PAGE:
Liquid/gas diffusion layers (LGDLs) play a crucial role in electrochemical energy technology and hydrogen production, and are expected to simultaneously transport electrons, heat, and reactants/products with minimum voltage, current, thermal, interfacial, and fluidic losses. In addition, carbon materials, which are typically used in proton exchange membrane fuel cells (PEMFCs), are unsuitable for PEM electrolyzer cells (PEMECs). In this study, a novel titanium thin LGDL with well-tunable pore morphologies was developed by employing nano-manufacturing and was applied in a standard PEMEC. The LGDL tests show significant performance improvements. The operating voltages required at a current density of 2.0 A/cm2 were as low as 1.69 V, and its efficiency reached a report high of up to 88%. The new thin and flat LGDL with well-tunable straight pores has been demonstrated to remarkably reduce the ohmic, interfacial and transport losses. In addition, well-tunable features, including pore size, pore shape, pore distribution, and thus porosity and permeability, will be very valuable for developing PEMEC models and for validation of its simulations with optimal and repeatable performance. The LGDL thickness reduction from greater than 350 μm of conventional LGDLs to 25 μm will greatly decrease the weight and volume of PEMEC stacks, and represents a new direction for future developments of low-cost PEMECs with high performance.

  14. Gas-diffusion microextraction coupled with spectrophotometry for the determination of formaldehyde in cork agglomerates.

    PubMed

    Brandão, Pedro F; Ramos, Rui M; Valente, Inês M; Almeida, Paulo J; Carro, Antonia M; Lorenzo, Rosa A; Rodrigues, José A

    2017-04-01

    In this work, a simple methodology was developed for the extraction and determination of free formaldehyde content in cork agglomerate samples. For the first time, gas-diffusion microextraction was used for the extraction of volatile formaldehyde directly from samples, with simultaneous derivatization with acetylacetone (Hantzsch reaction). The absorbance of the coloured solution was read in a spectrophotometer at 412 nm. Different extraction parameters were studied and optimized (extraction temperature, sample mass, volume of acceptor solution, extraction time and concentration of derivatization reagent) by means of an asymmetric screening. The developed methodology proved to be a reliable tool for the determination of formaldehyde in cork agglomerates with the following suitable method features: low LOD (0.14 mg kg(-1)) and LOQ (0.47 mg kg(-1)), r (2) = 0.9994, and intraday and interday precision of 3.5 and 4.9%, respectively. The developed methodology was applied to the determination of formaldehyde in different cork agglomerate samples, and contents between 1.9 and 9.4 mg kg(-1) were found. Furthermore, formaldehyde was also determined by the standard method EN 717-3 for comparison purposes; no significant differences between the results of both methods were observed. Graphical abstract Representation of the GDME system and its main components.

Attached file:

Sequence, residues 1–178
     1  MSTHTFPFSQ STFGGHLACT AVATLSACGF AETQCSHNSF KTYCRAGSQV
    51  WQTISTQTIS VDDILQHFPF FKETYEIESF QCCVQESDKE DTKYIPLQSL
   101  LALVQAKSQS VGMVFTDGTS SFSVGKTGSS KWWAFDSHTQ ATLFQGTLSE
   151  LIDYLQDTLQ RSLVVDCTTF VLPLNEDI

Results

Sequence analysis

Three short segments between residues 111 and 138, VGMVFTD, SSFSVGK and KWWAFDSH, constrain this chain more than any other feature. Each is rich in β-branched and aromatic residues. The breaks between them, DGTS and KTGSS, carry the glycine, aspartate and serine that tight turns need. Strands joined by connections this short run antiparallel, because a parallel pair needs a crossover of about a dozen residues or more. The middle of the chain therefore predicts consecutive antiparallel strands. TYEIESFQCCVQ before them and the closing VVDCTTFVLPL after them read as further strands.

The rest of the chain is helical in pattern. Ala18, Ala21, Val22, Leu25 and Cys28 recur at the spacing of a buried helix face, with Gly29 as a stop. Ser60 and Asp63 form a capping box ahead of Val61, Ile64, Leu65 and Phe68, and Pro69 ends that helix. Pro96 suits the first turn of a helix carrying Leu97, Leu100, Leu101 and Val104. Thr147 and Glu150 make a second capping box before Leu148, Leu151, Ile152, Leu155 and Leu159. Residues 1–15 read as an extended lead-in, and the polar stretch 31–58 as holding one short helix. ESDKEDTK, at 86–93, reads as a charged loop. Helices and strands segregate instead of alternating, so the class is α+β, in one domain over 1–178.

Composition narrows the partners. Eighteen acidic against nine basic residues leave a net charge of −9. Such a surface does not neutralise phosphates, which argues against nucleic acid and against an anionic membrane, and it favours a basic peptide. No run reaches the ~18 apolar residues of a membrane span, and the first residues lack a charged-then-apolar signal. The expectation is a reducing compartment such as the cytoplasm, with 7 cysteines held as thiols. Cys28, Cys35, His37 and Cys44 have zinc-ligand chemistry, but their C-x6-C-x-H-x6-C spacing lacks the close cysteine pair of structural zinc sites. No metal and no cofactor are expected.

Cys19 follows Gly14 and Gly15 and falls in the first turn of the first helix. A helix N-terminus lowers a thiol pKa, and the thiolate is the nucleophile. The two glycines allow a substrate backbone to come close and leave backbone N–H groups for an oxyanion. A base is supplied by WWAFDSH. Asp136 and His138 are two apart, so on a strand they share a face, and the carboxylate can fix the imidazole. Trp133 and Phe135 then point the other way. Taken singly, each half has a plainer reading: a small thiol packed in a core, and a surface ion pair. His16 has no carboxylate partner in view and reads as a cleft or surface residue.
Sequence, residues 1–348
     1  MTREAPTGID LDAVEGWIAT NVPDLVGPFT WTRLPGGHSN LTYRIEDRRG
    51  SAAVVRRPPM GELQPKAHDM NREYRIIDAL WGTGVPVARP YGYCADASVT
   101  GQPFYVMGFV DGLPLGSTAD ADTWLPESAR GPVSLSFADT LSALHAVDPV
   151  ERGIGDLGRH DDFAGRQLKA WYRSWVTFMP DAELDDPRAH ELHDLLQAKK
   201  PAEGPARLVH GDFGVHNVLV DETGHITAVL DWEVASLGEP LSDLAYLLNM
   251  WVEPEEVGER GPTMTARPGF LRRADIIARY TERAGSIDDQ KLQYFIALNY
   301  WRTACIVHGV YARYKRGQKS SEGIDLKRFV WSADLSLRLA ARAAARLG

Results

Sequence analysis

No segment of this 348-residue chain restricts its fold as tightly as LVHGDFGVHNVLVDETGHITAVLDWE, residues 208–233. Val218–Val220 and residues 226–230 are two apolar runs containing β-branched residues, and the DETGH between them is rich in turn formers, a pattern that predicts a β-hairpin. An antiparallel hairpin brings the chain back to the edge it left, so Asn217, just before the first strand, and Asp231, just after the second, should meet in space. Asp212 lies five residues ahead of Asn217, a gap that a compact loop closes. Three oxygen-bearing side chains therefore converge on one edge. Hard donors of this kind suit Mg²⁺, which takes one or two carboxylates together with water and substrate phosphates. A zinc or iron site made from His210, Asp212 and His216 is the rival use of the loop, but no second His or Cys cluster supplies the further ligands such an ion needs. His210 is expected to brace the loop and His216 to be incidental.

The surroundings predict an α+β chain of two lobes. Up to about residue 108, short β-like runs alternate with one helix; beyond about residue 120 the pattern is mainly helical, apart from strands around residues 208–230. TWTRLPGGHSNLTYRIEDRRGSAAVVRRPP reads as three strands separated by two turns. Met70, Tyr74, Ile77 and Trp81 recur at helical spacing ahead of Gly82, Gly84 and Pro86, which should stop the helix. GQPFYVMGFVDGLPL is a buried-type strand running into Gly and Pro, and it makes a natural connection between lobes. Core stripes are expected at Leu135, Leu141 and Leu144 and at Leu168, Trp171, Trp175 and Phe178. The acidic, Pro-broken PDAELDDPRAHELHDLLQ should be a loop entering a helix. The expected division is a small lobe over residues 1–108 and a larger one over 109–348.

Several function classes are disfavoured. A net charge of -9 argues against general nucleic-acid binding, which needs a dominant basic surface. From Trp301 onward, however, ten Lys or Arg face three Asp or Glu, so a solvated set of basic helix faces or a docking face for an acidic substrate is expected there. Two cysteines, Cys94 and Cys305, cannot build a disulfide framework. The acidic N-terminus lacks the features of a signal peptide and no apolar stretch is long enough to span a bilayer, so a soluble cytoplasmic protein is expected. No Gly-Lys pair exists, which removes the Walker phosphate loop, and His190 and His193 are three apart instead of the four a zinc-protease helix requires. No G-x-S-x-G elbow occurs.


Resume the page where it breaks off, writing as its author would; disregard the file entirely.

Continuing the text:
15. Purging of a tank-mounted multilayer insulation system by gas diffusion

    NASA Technical Reports Server (NTRS)

    Sumner, I. E.

    1978-01-01

    The investigation was conducted on a multilayer insulation (MLI) system mounted on a spherical liquid hydrogen propellant tank. The MLI consisted of two blankets of insulation each containing 15 double-aluminized Mylar radiation shields separated by double silk net spacers. The gaseous nitrogen initially contained within the MLI system and vacuum chamber was purged with gaseous helium introduced both underneath the MLI and into the vacuum chamber. The MLI panels were assumed to be purged primarily by means of gas diffusion. Overall, test results indicated that nitrogen concentrations well below 1 percent could be achieved everywhere within the MLI system. Typical times to achieve 1 percent nitrogen concentration within the MLI panels ranged from 69 minutes at the top of the tank to 158 minutes at the bottom of the tank. Four space-hold thermal performance tests indicated no significant thermal degradation of the MLI system had occurred due to the purge tests conducted. The final measured heat input attributed to the MLI was 7.23 watts as compared to 7.18 watts for the initial baseline thermal performance test.

  16. Comparisons of diffusive and advective fluxes of gas phase volatile organic compounds (VOCs) in unsaturated zones under natural conditions

    NASA Astrophysics Data System (ADS)

    You, Kehua; Zhan, Hongbin

    2013-02-01